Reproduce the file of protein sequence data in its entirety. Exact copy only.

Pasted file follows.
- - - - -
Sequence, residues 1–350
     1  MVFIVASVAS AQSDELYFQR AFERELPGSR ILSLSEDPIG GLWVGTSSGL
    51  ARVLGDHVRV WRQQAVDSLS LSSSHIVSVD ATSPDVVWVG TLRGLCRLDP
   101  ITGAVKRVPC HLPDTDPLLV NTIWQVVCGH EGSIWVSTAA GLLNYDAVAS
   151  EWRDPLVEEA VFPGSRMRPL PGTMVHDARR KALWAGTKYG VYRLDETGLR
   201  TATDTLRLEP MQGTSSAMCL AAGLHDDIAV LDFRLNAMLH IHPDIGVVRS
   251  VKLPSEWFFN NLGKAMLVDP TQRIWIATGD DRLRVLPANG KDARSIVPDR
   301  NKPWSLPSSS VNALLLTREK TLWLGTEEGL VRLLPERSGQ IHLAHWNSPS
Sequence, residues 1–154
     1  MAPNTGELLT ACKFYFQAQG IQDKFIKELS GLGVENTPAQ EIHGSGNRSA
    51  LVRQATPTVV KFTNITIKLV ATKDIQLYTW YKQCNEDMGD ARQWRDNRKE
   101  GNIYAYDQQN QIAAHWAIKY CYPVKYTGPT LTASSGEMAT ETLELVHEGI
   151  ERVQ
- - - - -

Sequence, residues 1–350
     1  MVFIVASVAS AQSDELYFQR AFERELPGSR ILSLSEDPIG GLWVGTSSGL
    51  ARVLGDHVRV WRQQAVDSLS LSSSHIVSVD ATSPDVVWVG TLRGLCRLDP
   101  ITGAVKRVPC HLPDTDPLLV NTIWQVVCGH EGSIWVSTAA GLLNYDAVAS
   151  EWRDPLVEEA VFPGSRMRPL PGTMVHDARR KALWAGTKYG VYRLDETGLR
   201  TATDTLRLEP MQGTSSAMCL AAGLHDDIAV LDFRLNAMLH IHPDIGVVRS
   251  VKLPSEWFFN NLGKAMLVDP TQRIWIATGD DRLRVLPANG KDARSIVPDR
   301  NKPWSLPSSS VNALLLTREK TLWLGTEEGL VRLLPERSGQ IHLAHWNSPS
Sequence, residues 1–154
     1  MAPNTGELLT ACKFYFQAQG IQDKFIKELS GLGVENTPAQ EIHGSGNRSA
    51  LVRQATPTVV KFTNITIKLV ATKDIQLYTW YKQCNEDMGD ARQWRDNRKE
   101  GNIYAYDQQN QIAAHWAIKY CYPVKYTGPT LTASSGEMAT ETLELVHEGI
   151  ERVQ